Wood Countertop, quick question...

Lynch Home ServicesApril 15, 2009

To control the wood movement as much as possible, should the top and underside all be sealed the exact same way(and edges of course)? Or can I just put a few coats of poly underneath and do the oiling on the tops? I read online that they should be sealed the same way, but not sure- Thanks!

Thank you for reporting this comment. Undo
Jon1270

Using the same finish everywhere is ideal, but not mandatory. It would be more important if you were finishing an unrestrained panel like a cabinet door, but for a countertop (which is screwed to the cabinets), you don't need to be quite so retentive. I think poly on the bottom will be fine.

Recommendations that all sides should be sealed the same way are idealistic statements of principle, not practical necessity. The ideal is that all sides of a chunk of wood should be exposed to identical environmental influences, but in most cases this is an impossible goal. The top and bottom of any table-like surface are never going to get the same amount of exposure to water or direct sunlight, for example.

It's far more important that the wood be at an appropriate moisture content when the countertop is manufactured, and that it is stored properly (i.e. not in the garage or basement) before installation.

    Bookmark   April 15, 2009 at 12:30PM
Thank you for reporting this comment. Undo
brickeyee

The coating only slows the movement of moisture in and out of the wood as the humidity changes over the seasons.

The wood WILL move, and it will simply break the fasteners or the cabinets if it moves enough.

    Bookmark   April 15, 2009 at 3:30PM
Thank you for reporting this comment. Undo
sombreuil_mongrel

Old proverb/aphorism: as above, so below.
Casey

    Bookmark   April 15, 2009 at 7:16PM
Thank you for reporting this comment. Undo
allanstewart

I would expect that an oil finish will need to be renewed at some point. You will not be able to do that to the underside - a different finish may be warranted.

    Bookmark   April 15, 2009 at 9:08PM
Thank you for reporting this comment. Undo
bobismyuncle

If you have an oil finish on the top, it will have nearly zero effect on humidity transfer.

Here are some articles on the subject
Popular Woodworking

Woodshop news

Here is a link that might be useful: See the first few lines on table 15-3

    Bookmark   April 15, 2009 at 11:12PM
Thank you for reporting this comment. Undo
Jon1270

That's a handy document, Bob.

At the risk of making the OP's decision harder, It's worth pointing out that many wood finishing products sold as "oil finish" are really thinned varnishes, and so perform better than one might guess from looking at that chart.

Also, the idea that one should treat all sides of a board the same way is meant to make sure the piece doesn't cup as it gets (subtly) larger or smaller, not to prevent movement altogether.

    Bookmark   April 16, 2009 at 6:43AM
Thank you for reporting this comment. Undo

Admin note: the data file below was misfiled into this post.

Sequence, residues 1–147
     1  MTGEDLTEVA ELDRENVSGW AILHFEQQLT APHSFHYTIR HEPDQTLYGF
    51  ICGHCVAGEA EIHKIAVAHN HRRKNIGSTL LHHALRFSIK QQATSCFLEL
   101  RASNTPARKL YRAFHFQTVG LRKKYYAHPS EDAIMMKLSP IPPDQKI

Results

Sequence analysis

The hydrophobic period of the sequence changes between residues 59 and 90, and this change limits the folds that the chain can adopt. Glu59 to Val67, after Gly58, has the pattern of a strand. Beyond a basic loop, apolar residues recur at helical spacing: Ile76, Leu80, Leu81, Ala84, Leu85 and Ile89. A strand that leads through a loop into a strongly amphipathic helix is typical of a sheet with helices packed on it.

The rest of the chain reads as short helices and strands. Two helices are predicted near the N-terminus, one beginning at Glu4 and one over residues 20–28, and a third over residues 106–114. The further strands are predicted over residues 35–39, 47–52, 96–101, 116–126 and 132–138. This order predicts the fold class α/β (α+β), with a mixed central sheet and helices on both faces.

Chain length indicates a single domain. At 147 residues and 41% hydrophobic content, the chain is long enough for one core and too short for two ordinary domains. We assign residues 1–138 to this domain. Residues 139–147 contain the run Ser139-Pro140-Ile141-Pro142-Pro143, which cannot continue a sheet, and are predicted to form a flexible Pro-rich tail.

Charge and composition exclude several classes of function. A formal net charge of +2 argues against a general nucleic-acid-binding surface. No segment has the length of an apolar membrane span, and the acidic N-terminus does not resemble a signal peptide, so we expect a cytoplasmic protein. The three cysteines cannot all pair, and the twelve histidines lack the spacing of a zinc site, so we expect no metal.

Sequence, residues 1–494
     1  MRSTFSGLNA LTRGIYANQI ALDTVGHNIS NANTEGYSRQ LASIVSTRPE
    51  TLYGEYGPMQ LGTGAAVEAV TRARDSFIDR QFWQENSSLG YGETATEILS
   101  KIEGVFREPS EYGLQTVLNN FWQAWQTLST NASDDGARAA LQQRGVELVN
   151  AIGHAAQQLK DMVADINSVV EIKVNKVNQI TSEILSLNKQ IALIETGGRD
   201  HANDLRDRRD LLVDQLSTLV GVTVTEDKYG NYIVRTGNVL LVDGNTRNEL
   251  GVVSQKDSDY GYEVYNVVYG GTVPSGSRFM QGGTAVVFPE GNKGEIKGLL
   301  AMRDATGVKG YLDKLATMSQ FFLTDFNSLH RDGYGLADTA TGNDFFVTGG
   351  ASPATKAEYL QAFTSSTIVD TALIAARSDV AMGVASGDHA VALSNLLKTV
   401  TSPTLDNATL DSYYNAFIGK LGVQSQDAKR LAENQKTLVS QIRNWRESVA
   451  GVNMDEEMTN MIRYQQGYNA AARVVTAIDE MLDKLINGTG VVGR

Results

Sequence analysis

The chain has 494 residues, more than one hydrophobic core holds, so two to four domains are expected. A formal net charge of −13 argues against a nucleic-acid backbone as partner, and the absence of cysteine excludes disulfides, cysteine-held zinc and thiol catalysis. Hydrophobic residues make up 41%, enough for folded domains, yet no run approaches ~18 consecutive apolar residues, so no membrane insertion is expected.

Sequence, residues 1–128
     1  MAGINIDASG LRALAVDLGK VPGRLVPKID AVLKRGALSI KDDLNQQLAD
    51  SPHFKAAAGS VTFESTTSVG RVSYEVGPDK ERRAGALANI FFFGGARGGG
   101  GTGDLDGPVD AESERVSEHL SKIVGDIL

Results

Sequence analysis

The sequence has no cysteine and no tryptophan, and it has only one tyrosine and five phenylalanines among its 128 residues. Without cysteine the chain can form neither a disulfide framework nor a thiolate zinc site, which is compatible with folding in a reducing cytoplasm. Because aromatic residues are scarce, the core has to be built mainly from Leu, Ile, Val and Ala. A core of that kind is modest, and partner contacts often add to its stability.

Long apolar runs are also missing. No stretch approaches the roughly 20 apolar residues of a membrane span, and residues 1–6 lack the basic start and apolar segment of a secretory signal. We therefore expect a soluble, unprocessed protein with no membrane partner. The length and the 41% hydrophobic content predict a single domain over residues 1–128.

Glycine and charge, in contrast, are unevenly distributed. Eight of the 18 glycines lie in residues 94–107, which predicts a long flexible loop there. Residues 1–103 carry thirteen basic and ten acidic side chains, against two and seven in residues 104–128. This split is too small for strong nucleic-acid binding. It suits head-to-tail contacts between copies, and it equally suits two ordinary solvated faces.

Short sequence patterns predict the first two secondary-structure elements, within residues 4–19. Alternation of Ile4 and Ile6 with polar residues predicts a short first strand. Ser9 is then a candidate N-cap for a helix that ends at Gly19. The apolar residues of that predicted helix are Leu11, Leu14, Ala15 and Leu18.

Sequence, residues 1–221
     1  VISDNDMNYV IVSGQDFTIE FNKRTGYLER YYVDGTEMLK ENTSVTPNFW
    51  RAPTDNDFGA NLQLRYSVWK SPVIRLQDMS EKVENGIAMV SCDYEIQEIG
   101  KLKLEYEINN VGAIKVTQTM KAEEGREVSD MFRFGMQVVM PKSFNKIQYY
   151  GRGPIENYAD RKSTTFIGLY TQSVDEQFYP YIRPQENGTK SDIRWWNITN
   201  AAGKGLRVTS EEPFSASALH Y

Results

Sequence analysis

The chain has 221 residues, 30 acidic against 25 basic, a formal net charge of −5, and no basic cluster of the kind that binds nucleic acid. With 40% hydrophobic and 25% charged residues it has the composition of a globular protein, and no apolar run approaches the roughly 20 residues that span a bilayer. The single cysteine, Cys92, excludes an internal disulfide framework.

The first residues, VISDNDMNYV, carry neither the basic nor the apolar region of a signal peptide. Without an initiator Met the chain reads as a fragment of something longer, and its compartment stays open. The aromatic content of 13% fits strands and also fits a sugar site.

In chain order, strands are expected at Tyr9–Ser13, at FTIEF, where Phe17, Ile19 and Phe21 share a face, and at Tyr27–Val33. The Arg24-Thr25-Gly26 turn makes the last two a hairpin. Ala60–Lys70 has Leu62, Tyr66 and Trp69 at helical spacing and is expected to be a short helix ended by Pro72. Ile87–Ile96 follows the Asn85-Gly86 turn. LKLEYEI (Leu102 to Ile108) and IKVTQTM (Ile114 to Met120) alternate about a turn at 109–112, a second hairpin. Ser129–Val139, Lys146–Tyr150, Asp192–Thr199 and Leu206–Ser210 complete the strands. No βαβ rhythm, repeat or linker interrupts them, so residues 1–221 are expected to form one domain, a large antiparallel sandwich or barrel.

bobismyuncle

Yes, "oil" finish can mean anything such as BLO, True tung oil, thinned varnish, oil-varnish blends, mineral oil, mineral oil and paraffin.

If linseed oil comes from squeezing the seeds of the linen (flax) plant, where does Danish Oil come from? Squeezed Danes?

    Bookmark   April 16, 2009 at 8:40AM
Thank you for reporting this comment. Undo
PRO
Lynch Home Services

Thanks guys! I'm probably going to use Waterlox w/ oil stain mixed in (stain in the first coat only) then more coats of the waterlox. I haven't used their product, but apparently a lot of people use them for countertops, with good results and the monthly touch-ups don't require sanding between coats!

I assume I should make some corner brackets in the cabinets so I can screw up into the 1 1/2" thick tops- liquid nails is not enough to hold them, right? And the holes in the brackets should be elongated for movement also?

    Bookmark   April 16, 2009 at 2:38PM
Thank you for reporting this comment. Undo
Jon1270

Yes to screws through corner brackets, yes to elongating the holes to allow for movement. DO NOT use liquid nails, as this stuff will cause the moving countertop to damage your cabinets.

    Bookmark   April 16, 2009 at 2:58PM
Thank you for reporting this comment. Undo
PRO
Lynch Home Services

Thanks jon1270! OK, no liquid nails, what's best to use, plain silicone- The bottom will be poly'ed when I install, I assume silicone's the way to go? Just some good wood glue and clamps for any seams right? (I'll sand off any poly on those edges before gluing, or tape it first)

Thanks, didn't realize that about the liquid nails, doesn't allow for movement I guess?

    Bookmark   April 17, 2009 at 10:04AM
Thank you for reporting this comment. Undo
Jon1270

Where do you want to use silicone? You don't need any adhesive between the cabinets and countertop.

Can't say how you should handle joints / seams since this varies by circumstance. Some can be glued, some can't.

    Bookmark   April 17, 2009 at 4:37PM
Sign Up to comment
More Discussions
Routers
I am thinking of getting a router, never owned one....
hogan_nj
How to tell treated vs. untreated wood?
Can anyone tell me if there's a way to distinguish...
unkyaku
Walnut Veneer Issues
Hi, I'd so greatly appreciate your help in identifying...
RChicago
Can this door be repaired?
We're renovating a 1920 house and this bedroom door...
weedyacres
Finally mounted upper kitchen cabinet to sloped wall!
I finally got my cabinets installed. In particular,...
stripedbass
People viewed this after searching for:
© 2015 Houzz Inc. Houzz® The new way to design your home™